Branch became a regular behind the turntables in 1980. Within a couple years, she’d won an all-woman DJ battle organized by Chosen Few founder Wayne Williams. But by the middle of the decade, she’d stepped away from DJing. “It was starting to get depressing,” she says. “My close friends were a lot of gay guys, and AIDS was—every day—taking people out.” She turned her attention to her studies at Columbia College, then left the city in the late 80s. 

When Branch returned to Chicago in 1991, she wanted to start DJing again. Her old friend Duro Wicks pitched her on spinning at his open mike. She had only a passing familiarity with hip-hop, so Wicks brought her a crate of records he was sure she’d like. 

“There was an entry there that was very different than house,” Branch says. “It was harder, and it was more reflective of my recent experiences. I had just come out of New York, where the crack epidemic was raging. I worked in foster care, and I was around a lot of kids who were from abusive homes. It was speaking to me in a way that house music—which was more love, dancing, and party—wasn’t speaking to me at the time. I was feeling it in my soul.” 

Branch began DJing events for Wicks in late 1991. Up to that point, He Who Walks Three Ways had been more of a concept than a group, but Wicks finally had the collaborators he needed, all in the same place at the same time. The classic lineup came together quickly: Clark took the name Continuity, Kalamka called himself Grandee Cootabee, Branch became DJ Rapture, and Wicks himself went by Shame Love Tempo. He Who Walks Three Ways made their live debut at the Rainbo Club on January 26, 1992.

He Who Walks Three Ways (Duro Wicks, Lori Branch, and Juba Kalamka) make their live debut at the Rainbo Club on January 26, 1992. Credit: Courtesy Juba Kalamka

In 1991, a friend of Wicks’s named PJ Blackfist had told him about a Wrigleyville basement venue at 954 W. Newport. Leigh Jones had opened Club Lower Links beneath Links Hall in 1988, and it became a hub for experimental performers. Blackfist figured Jones would be open to Wicks hosting an open mike there.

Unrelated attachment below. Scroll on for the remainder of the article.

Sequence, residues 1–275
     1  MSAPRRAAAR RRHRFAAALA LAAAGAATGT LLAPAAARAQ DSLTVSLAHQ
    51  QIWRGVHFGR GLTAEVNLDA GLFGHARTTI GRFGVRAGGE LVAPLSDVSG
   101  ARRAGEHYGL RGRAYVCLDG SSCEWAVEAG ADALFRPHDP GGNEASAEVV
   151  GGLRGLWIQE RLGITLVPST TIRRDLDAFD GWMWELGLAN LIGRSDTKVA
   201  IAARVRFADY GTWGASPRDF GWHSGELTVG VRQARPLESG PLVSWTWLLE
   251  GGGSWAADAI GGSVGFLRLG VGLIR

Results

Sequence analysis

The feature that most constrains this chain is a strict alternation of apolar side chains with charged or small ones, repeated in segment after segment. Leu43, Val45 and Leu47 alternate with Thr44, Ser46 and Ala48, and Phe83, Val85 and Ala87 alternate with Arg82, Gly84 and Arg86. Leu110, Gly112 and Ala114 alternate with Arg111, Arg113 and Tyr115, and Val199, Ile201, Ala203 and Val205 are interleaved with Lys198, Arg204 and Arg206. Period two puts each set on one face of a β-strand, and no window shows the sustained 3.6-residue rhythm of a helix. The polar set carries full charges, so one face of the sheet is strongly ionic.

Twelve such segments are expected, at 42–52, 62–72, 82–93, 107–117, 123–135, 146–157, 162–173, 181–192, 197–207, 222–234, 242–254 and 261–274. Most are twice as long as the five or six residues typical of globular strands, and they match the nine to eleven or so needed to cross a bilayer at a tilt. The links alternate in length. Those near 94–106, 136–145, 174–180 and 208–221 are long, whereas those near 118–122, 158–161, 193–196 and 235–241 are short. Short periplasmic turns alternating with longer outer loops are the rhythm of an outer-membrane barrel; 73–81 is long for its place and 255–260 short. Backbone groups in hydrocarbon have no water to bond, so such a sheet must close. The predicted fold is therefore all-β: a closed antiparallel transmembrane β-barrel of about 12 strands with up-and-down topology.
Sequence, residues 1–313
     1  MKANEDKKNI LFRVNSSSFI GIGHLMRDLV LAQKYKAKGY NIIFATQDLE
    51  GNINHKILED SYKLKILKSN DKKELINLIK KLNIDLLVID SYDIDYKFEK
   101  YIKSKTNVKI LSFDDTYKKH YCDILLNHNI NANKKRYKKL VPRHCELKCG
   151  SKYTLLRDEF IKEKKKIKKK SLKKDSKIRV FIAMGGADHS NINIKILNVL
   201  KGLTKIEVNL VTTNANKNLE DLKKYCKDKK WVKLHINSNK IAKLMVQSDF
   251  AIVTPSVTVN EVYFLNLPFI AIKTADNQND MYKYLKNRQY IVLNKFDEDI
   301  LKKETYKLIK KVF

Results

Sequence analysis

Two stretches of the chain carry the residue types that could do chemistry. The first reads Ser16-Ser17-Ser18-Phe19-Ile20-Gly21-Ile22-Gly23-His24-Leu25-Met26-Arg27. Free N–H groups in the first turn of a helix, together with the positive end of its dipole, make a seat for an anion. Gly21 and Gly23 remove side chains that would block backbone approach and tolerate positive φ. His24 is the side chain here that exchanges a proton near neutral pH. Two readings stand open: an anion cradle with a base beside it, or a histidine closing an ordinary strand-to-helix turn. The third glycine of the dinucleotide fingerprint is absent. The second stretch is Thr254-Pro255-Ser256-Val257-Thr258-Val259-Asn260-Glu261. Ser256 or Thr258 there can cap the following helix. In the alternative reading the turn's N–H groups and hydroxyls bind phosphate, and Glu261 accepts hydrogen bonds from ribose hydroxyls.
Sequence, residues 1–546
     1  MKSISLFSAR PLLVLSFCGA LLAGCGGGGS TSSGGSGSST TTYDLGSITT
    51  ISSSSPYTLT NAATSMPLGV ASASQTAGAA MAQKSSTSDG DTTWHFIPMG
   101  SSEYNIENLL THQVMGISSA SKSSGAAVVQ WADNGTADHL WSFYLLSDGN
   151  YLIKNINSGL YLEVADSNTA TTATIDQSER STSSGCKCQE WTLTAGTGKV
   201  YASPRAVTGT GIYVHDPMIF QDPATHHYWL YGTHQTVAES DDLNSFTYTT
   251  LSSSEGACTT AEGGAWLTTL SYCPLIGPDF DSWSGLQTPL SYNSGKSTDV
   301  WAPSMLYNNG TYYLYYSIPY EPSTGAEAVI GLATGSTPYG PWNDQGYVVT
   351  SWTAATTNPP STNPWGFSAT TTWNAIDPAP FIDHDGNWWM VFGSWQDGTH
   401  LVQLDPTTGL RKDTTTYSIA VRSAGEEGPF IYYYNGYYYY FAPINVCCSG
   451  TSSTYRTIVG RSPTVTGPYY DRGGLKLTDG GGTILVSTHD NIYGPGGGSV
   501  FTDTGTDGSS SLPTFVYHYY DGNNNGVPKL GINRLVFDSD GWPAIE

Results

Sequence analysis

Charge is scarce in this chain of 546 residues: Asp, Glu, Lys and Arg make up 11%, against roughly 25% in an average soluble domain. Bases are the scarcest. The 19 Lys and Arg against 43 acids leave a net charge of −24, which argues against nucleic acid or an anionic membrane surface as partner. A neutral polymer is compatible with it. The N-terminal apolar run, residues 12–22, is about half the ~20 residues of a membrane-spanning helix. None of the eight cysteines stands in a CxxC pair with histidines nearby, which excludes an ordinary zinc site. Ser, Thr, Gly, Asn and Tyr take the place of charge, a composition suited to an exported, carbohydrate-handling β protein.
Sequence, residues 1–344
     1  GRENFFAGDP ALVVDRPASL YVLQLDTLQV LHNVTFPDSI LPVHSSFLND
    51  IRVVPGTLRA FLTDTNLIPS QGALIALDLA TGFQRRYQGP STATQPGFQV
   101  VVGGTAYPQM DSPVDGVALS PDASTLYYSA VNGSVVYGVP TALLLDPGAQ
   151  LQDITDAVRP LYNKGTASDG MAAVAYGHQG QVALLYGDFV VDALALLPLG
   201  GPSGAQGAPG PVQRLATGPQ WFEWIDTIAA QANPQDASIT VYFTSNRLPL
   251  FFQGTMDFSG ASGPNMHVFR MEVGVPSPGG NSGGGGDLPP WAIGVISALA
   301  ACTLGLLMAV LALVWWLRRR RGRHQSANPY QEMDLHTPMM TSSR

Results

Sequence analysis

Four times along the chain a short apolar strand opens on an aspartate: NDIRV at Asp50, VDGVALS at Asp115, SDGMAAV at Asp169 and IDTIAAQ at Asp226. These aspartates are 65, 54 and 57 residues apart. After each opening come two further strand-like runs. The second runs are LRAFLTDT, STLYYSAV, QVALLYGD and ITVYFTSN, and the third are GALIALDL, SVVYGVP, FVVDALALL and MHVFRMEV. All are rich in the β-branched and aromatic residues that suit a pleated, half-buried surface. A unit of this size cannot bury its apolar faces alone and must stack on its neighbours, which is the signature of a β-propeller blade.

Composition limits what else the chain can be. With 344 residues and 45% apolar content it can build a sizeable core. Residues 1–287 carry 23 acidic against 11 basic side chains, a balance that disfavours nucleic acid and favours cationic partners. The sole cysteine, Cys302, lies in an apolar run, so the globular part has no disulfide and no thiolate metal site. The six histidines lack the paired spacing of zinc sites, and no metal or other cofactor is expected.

Jones booked Wicks into the space for a weekly party on Sundays, and that choice of day turned out to be a boon. As director Dave Steck points out, at the time the CTA offered unlimited rides on all lines every Sunday with a Supertransfer pass—an innovation that had already helped unite Chicago hip-hop once before. In the 1980s, graffiti writers from across the city converged at a variety of meetup spots for what they called Supertransfer Sundays. In 1996, south-side group Stony Island—who’d made the trip north to Lower Links for the open mikes—enshrined the pass’s importance to Chicago hip-hop with the self-released EP Supertransfer: Good All Day Today

Wicks credits veteran graffiti writer Fere Ali-El with boosting the word-of-mouth success of the series. “He used to sell incense all across the city, on the trains and up the block,” Wicks says. “He got out there and would tell people, ‘You gotta go to Lower Links.’ And it grew, and it grew quickly, and much larger than Lizard Lounge.”

YouTube video
The Spalaney’s track “Spagetti & Biscuits”

Word spread to the suburbs, where it reached rapper “Coolout Chris” Hawkins. Wicks fumbled the name of Hawkins’s group, Spalaney’s, at their first open-mike appearance (he pronounced it “spuh-LAG-knees”), but he wouldn’t forget them. 

“We got up there and did our signature song, ‘Spaghetti & Biscuits,’ and the crowd lost their mind,” Hawkins says. “After the performance was over, I remember Duro really big uppin’ us. He was like, ‘I want y’all to come back, I want y’all to come back.’ So then we kinda became a staple.”

For Marcel Wilks, then performing as Mr. Greenjeans, He Who Walks Three Ways played an important role in creating the familial, welcoming atmosphere at Lower Links. “They was just throwing a party,” Wilks says. “But it felt like it was all our party.” 

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Audience footage from the Club Lower Links hip-hop weekly in June 1992

At Lower Links, Wilks began hanging out with Tone B. Nimble, who’d start the duo All Natural with David “Capital D” Kelly in 1993. The two of them would form the heart of the collective Family Tree in the late 90s, collaborating with Wilks and releasing his solo Greenweedz material via their label All Natural, Inc.

“Links gave me an understanding of how things could go in the best-case scenario,” Kalamka says, “and understanding how that was a particular kind of lightning in a bottle.” He Who Walks Three Ways played to packed houses every Sunday, which meant they got paid. Kalamka says he took home $100 or so each week, which helped him cover his basic needs as a commuter student at Chicago State. And the series helped He Who Walks Three Ways build credibility in the flourishing hip-hop scene.